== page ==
Recently I put 33 minutes of my life aside to watch the much ballyhooed “180,” a film (sorry, “award winning documentary”) purporting to change “the heart of a nation” on the question of abortion (and no I will not link it). I got my hopes up a little when I saw that one of the recommendations on the website, from a John Piper, went: “I give my unflinching, joyful, trembling Yes to ‘180’.” Well! Sounds sexy, no?
The film opens with the question: “Have you heard of Adolf Hitler?” Don’t ask me what this has to do with abortion, because I was still trying to figure it out after the interview subject answered, “no” (no?? really??) and old news reels of Hitler’s Germany began to run. You’re really winning me over already, guys. Godwinned in the first fifteen seconds. We then meet Ray Comfort, who is “deeply concerned” that a generation is forgetting about the Holocaust. It goes downhill from there.
Comfort seems to have rounded up a disturbing number of young people who either don’t know, or are pretending not to know, who Hitler was and what he did. This should be a documentary about the failure of our public schools. But it’s not. It’s about how if you don’t know anything about the Holocaust, you’re probably going to lack a moral centre and have lots of abortions. I think that’s what it was about, anyway. I spent a lot of the time marvelling at the lack of ability his interview subjects possessed for putting together a coherent argument. I feel that for those he has convinced to turn “pro-life”, there will be little trouble turning them back. You don’t even need a logical point.
What the film consists of is a series of “man-on-the-street” style interviews interwoven throughout, all conducted by Comfort and intercut with footage of the Holocaust, as well as ultrasound images (thankfully used sparingly). I did expect some gruesome fetus porn, because of the disclaimer about disturbing images, but it must have been referring to grainy footage of piles of dead people from the concentration camps (in which I was amused to note, the genitals had been blurred. Yeah, because that’s the image we need to protect people from).
I was disappointed, but not surprised, to find that Comfort did not have some revolutionary new argument against abortion, but instead used the same old talking points and ridiculous hypotheticals that those of us in the pro-choice movement have heard (and refuted) many times. It can be overwhelming to be approached on the street though, and if you are not equipped to answer those questions I can see how some people might find them somewhat thought-provoking, even mind-changing. There was a lot of “I never thought of it that way before” comments from the subjects.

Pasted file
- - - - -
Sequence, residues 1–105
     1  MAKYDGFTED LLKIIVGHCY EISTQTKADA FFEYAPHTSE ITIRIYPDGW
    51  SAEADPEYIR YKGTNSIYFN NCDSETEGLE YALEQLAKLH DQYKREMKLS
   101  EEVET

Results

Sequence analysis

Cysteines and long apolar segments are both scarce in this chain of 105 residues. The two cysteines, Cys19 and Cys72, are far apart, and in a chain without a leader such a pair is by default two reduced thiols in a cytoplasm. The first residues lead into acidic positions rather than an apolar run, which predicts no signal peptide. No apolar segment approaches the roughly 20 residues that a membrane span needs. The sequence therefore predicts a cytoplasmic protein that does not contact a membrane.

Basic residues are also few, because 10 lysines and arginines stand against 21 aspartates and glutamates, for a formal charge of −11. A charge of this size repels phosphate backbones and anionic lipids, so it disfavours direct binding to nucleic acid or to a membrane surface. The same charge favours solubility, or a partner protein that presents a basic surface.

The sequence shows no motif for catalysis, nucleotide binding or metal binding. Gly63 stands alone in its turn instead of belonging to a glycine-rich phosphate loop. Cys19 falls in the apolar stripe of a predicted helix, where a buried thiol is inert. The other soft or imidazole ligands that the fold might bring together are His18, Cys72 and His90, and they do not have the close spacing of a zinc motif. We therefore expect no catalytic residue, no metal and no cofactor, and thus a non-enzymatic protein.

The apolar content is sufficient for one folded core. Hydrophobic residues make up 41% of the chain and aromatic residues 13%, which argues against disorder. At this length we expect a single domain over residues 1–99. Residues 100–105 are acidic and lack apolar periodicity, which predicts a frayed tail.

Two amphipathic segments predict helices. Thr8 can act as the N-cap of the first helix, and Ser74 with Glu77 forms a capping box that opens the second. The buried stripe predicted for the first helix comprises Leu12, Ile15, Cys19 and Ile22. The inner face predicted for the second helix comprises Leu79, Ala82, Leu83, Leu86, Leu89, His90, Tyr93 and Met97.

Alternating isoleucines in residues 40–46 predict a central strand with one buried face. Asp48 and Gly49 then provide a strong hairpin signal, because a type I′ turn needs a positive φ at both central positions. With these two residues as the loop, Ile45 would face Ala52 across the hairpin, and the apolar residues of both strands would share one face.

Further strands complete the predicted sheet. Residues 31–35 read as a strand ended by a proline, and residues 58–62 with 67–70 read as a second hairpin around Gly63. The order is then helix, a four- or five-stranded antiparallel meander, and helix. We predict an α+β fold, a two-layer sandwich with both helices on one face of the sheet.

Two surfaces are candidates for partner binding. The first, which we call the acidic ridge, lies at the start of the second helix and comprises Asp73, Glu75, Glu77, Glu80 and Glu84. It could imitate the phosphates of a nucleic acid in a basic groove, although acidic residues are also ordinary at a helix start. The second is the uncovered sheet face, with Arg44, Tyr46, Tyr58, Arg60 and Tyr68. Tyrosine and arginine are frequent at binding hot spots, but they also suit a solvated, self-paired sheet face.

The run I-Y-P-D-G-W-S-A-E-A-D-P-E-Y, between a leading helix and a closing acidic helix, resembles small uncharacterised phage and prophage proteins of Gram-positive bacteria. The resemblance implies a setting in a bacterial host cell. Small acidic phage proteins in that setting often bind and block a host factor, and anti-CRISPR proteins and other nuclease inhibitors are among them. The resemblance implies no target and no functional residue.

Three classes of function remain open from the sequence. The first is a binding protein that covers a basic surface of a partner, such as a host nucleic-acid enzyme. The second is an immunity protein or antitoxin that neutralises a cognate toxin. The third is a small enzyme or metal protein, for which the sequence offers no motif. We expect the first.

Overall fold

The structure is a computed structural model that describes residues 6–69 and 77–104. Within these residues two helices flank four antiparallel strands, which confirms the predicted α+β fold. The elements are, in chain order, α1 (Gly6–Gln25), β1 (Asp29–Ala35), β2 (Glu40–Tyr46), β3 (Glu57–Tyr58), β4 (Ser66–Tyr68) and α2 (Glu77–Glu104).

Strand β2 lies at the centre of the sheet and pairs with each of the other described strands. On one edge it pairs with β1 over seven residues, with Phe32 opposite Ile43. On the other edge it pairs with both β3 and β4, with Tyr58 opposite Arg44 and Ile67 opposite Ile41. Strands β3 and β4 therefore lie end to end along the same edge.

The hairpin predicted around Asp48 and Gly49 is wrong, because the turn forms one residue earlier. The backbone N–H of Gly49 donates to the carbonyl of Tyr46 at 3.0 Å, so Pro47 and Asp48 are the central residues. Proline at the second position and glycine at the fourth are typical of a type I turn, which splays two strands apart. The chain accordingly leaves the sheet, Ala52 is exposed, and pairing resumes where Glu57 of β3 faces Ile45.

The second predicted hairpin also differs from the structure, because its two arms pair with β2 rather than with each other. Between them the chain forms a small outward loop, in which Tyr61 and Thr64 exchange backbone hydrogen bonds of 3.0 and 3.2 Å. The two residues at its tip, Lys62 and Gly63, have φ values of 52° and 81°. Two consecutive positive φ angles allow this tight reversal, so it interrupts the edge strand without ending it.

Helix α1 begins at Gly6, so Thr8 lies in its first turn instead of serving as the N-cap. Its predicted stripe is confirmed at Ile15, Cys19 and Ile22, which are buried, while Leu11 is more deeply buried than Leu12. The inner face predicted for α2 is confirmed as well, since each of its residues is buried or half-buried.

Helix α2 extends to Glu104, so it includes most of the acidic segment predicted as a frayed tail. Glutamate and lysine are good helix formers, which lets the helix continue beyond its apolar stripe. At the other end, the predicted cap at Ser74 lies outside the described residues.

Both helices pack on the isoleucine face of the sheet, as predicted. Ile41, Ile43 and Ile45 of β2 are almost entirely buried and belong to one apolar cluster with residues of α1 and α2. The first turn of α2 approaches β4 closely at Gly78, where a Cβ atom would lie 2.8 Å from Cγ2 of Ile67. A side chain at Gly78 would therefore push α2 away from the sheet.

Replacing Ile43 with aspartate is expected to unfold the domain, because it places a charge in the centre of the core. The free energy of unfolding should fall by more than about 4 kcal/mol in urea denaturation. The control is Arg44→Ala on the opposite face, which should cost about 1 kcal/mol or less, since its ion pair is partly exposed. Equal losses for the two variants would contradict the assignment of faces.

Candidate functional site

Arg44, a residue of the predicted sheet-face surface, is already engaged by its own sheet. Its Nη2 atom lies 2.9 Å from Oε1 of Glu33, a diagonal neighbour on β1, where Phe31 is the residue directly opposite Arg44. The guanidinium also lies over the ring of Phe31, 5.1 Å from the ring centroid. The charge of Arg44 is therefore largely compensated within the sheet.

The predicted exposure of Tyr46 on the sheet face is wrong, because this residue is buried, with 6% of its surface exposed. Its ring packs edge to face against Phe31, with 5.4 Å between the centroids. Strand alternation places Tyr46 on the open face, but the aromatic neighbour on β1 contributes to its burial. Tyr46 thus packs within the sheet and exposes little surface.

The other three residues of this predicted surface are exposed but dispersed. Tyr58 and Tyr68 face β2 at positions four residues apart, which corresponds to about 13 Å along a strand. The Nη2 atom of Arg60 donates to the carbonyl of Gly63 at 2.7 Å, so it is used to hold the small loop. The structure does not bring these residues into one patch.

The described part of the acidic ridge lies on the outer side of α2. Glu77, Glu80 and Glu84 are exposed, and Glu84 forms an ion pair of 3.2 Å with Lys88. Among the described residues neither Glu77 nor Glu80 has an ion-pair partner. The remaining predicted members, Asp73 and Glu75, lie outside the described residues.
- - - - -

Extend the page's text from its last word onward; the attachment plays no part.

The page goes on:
The film itself is fairly well put together for what it is, although I am not sure who it is supposed to be targeted to – I can’t imagine it changing the minds of anyone who has given even the slightest bit of thought to their pro-choice position. Sample hypothetical (paraphrased): “I’m a construction worker. I’m going to blow up that building, but I’m not sure if there are people inside. I think there aren’t, but I’m not sure. What would you say to me?” Um…..do your job and check? I’m reporting you? Get out of my womb with your goddamn dynamite??
I really wish people would stop coming up with hypothetical situations they can equate to abortion. Can’t we all agree there is no equivalent?
Abortion itself does not come up until 13 minutes in, after Comfort has already badgered his surprisingly good-natured subjects about whether it is better to bulldoze a bunch of Jewish people in a pit, shoot them to put them out of their misery, or take a bullet yourself from a German soldier (I’m not even kidding). There were also some questions about whether you would kill Hitler, and whether you would kill Hitler’s mother, that served to show morality as shades of grey, only to have Comfort totally contradict all that at the end with a very black-and-white approach to Christianity – a dangerous position to take for someone whose Bible never explicitly condemns abortion, and actually implicitly condones it.
Here are some reasons why this film did not make me change my mind about abortion:
1. I do not believe abortion is the moral equivalent to bulldozing Jewish people in a pit.
2. I feel conflicted about being on the same side as someone who would say to a young, pleasant woman of colour: “Hitler declared Jews as non-humans, and that’s what you’re doing when you say it’s ok to kill a child in the womb.”
3. I believe one can be moral without being a Christian.
4. I have the capacity for rational thought and am not instantly converted to an idea by being berated by talking points until I break down and say yes so the interviewer will just go away.
5. If I label myself, I do it based on what I believe, and not vice versa. I will not change my beliefs in order to fit into a category (ie “Christian”).
6. There was a really cute, self-identified gay woman in this film and it didn’t look like Comfort was able to convince her, and I still want a shot with her.
7. “It’s common practice to have a low moral standard when we free ourselves from the Ten Commandments, or when we’re unaware of their true meaning.” No.
8. It does not, in fact, concern me that if I were to die today I might end up in hell. Mostly because I follow my own moral compass and would rather suffer judgement than follow the (in my opinion, immoral) laws of a god I don’t believe in.
9. I don’t want to associate with a cause that has to put this disclaimer on their video and website: “We strongly condemn the use of any violence in connection with protesting abortion.”
10. I trust women to make the right choice for them, regardless of their religious or spiritual beliefs, I want to be on the side that trusts and supports women, and I truly believe that abortion can be, and often is, an act of love.
Sorry Ray. Better luck next time.